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Flax Facts

Linseed in a spoon on top of seeds

By now you know that flaxseeds are packed with omega-3s and other healthy nutrients. However, there’s even more to flaxseeds. Here are some additional flax facts: 

Most plant foods have at least small amounts of phytonutrients named lignans, which are fiber-related polyphenols providing antioxidants and fiber-like benefits. Flaxseeds, however, have a water-soluble, gel-forming fiber called mucilage, or gum, which provides intestinal tract support. As a matter of fact, flaxseeds’ mucilage gum content are called arabinoxylans and galactoxylans, and they help prevent rapid emptying of the stomach into the small intestine, thereby ensuring better nutrient absorption.

Another fact is that flaxseeds are the number one source of lignans in the human diet. In fact, flaxseeds have about 7 times as many lignans as the closest runner-up, sesame seeds. Likewise, flaxseeds contain about 338 times as many lignans as sunflower seeds, 475 times as many lignans as cashews and 3,200 times as many lignans as peanuts.

Then there’s flaxseed’s antioxidant power. When you think of foods packed with antioxidants, you might typically think of blueberries or other fruits and veggies. However, flaxseeds rank 9th out of the 100 commonly eaten foods for their antioxidant content. Antioxidants, of course, fight off free radicals, while helping to support cardiovascular and blood sugar health, among other things, including improvement in metabolic syndrome.

For instance, one study showed a 20 percent decrease in the prevalence of metabolic syndrome after only 12 weeks on a diet plan that included only one ounce of ground flaxseeds daily. Additionally, flaxseeds support healthy inflammation levels, blood pressure levels, fasting glucose levels and even a healthy waist measurement.

As for inflammation, the primary omega-3 fatty acid found in flaxseed—alpha-linolenic acid, or ALA—is the basis for supporting healthy inflammation levels, while protecting blood vessels from inflammatory damage. Two other omega-3 fatty acids also increase in the bloodstream after eating flaxseeds—namely eicosapentaenoic acid (EPA) and docosapentaenoic acid (DPA), another important, but lesser known, omega-3 fatty acid—both of which help protect the body from unhealthy inflammation levels.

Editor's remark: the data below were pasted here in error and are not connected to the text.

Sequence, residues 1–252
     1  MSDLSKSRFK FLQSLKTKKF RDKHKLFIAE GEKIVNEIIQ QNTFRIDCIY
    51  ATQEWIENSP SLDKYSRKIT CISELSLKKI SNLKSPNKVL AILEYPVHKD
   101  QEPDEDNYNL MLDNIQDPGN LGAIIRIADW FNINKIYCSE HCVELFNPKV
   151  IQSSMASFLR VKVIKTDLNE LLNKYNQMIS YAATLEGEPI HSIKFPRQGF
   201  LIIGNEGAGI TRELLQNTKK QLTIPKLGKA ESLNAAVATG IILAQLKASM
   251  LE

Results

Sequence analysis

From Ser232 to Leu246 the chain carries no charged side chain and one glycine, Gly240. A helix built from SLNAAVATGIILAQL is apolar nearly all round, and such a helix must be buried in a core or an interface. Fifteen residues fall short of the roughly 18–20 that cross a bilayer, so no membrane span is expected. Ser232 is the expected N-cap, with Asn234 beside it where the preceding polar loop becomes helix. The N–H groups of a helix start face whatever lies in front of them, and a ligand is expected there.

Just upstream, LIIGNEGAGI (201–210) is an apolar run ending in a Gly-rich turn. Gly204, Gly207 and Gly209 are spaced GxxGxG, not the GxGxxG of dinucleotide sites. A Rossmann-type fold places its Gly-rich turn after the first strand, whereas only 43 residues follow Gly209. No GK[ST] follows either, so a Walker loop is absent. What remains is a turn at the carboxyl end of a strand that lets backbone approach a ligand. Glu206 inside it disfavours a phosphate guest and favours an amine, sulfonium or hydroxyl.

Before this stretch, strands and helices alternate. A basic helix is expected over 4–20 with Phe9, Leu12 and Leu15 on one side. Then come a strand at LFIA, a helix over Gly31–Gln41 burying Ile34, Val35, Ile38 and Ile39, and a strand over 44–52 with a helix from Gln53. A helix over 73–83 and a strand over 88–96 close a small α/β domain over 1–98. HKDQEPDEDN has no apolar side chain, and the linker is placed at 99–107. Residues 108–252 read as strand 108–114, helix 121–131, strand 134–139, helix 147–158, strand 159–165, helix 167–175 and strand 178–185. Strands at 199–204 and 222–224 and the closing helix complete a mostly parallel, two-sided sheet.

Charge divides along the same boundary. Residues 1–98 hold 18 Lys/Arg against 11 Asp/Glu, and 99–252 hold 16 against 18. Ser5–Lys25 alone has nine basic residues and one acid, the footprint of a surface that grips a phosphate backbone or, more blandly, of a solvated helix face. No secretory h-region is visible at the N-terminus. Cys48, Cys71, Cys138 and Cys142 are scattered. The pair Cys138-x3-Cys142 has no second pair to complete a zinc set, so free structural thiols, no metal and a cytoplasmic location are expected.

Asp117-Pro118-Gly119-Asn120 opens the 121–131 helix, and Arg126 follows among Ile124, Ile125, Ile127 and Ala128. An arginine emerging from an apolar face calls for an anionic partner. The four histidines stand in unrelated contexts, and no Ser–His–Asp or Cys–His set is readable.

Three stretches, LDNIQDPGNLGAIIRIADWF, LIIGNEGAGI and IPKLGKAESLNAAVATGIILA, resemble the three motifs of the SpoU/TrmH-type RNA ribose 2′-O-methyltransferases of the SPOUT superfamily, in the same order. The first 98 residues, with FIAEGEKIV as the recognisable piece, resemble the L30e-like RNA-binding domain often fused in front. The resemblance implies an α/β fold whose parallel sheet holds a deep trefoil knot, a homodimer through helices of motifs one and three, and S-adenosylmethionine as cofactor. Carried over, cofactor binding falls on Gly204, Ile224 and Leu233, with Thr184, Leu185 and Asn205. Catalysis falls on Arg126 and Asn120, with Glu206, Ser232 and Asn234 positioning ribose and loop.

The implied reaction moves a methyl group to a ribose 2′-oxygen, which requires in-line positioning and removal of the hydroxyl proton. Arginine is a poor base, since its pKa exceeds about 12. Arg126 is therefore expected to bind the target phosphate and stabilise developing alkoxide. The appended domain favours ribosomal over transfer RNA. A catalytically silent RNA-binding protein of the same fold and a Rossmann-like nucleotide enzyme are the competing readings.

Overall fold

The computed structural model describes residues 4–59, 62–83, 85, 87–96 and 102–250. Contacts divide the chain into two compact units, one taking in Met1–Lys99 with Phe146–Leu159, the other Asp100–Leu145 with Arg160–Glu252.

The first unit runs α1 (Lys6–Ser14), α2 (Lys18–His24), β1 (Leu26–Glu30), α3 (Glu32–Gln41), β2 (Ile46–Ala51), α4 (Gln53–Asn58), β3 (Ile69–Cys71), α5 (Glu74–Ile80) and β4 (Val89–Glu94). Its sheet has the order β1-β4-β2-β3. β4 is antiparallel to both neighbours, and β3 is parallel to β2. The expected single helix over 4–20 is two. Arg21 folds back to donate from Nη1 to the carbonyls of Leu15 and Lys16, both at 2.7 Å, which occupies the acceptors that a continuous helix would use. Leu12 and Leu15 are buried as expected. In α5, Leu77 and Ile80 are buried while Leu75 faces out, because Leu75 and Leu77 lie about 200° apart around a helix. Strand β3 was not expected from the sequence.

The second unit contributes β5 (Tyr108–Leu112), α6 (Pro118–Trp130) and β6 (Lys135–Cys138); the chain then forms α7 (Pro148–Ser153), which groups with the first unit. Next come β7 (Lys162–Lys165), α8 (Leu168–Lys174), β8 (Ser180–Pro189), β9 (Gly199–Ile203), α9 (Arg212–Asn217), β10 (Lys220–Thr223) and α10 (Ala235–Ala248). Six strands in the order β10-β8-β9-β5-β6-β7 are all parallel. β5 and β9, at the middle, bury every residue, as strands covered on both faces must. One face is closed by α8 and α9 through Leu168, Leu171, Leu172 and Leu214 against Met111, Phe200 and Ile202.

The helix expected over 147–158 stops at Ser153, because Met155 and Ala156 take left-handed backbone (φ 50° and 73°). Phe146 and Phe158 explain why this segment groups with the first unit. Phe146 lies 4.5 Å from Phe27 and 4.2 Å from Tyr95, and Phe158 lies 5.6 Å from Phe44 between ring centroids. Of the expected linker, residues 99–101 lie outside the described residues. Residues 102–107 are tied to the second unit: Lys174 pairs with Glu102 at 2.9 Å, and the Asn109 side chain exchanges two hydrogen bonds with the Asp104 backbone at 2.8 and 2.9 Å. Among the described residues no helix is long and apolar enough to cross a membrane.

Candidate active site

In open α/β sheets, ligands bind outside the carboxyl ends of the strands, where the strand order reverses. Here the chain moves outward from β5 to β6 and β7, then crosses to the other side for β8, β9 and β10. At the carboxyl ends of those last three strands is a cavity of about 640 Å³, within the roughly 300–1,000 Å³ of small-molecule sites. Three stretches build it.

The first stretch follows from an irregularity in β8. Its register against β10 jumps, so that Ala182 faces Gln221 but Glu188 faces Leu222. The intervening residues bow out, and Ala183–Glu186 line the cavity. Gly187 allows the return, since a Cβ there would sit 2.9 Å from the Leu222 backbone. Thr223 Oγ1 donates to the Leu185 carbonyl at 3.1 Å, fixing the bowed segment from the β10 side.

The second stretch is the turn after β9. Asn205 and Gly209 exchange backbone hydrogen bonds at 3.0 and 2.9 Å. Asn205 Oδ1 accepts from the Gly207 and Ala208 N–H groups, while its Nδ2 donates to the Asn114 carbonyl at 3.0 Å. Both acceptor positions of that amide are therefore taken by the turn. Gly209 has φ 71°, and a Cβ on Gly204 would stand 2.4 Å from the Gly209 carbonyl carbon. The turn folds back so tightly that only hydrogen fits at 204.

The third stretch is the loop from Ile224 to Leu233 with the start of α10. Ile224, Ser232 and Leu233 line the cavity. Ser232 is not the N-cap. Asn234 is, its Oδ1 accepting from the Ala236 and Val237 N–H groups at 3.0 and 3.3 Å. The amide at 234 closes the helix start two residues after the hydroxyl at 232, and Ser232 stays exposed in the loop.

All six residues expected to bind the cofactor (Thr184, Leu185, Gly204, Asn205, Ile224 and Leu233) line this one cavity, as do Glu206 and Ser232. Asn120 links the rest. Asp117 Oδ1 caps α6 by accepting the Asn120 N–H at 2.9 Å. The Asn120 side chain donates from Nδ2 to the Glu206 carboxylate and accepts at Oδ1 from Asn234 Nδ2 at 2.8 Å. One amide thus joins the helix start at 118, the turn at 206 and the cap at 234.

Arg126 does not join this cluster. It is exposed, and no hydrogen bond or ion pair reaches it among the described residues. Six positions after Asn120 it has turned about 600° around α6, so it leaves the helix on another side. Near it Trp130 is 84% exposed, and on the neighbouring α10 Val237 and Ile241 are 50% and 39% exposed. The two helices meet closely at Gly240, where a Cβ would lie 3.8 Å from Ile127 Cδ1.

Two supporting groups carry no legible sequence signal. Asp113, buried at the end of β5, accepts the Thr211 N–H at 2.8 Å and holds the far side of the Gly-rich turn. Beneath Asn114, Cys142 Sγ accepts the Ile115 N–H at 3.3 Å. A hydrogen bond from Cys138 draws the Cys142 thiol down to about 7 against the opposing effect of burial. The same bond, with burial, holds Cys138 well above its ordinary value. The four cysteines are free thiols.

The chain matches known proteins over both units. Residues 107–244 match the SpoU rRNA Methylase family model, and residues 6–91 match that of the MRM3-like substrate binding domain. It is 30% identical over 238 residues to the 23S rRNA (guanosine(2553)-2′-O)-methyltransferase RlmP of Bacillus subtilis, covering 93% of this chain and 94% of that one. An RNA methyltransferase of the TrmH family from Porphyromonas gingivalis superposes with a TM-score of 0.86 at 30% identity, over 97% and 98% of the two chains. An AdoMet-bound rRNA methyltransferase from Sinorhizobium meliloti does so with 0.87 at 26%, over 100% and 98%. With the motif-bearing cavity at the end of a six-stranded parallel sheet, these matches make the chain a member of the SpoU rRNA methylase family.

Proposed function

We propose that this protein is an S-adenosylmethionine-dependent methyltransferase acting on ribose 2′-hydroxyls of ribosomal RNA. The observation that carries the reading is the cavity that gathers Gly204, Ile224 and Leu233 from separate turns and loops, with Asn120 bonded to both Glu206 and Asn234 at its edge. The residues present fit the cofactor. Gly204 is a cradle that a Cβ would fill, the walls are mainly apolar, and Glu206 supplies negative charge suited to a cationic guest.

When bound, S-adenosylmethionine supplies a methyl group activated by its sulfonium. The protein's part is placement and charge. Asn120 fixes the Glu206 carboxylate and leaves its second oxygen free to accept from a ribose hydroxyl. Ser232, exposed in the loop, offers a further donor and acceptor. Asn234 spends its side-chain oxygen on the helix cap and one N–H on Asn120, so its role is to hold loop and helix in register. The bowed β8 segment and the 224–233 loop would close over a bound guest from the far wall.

The lignans in flaxseeds provide protection from unhealthy inflammation as well and can lead to a 10 percent to 15 percent decrease in C-reactive protein (CRP), an indicator of inflammatory status in the cardiovascular system. Additionally, eating flaxseeds can support healthy cholesterol levels and increase the level of apolipoprotein A1, the major protein in “good cholesterol,” HDL cholesterol.  

As if that weren’t enough, flaxseeds also can increase activity of certain “Phase II” detoxification enzymes in the body that are responsible for deactivating toxins in the body so that they don’t cause unwanted health consequences.  

To top it all off, flaxseeds are hardy, too. You can add them to your healthy bread, muffins or cookies recipes, and they can withstand temps up to at least 300 degrees Fahrenheit—with baking times from 15 minutes to 3 hours. What’s more is that all the omega-3 content of the flaxseeds remained intact after being exposed to that level of heat for a prolonged period of time..

So, there they are . . . some pretty fascinating flax facts.


This information is intended for educational and informational purposes only. It should not be used in place of an individual consultation or examination or replace the advice of your health care professional and should not be relied upon to determine diagnosis or course of treatment.

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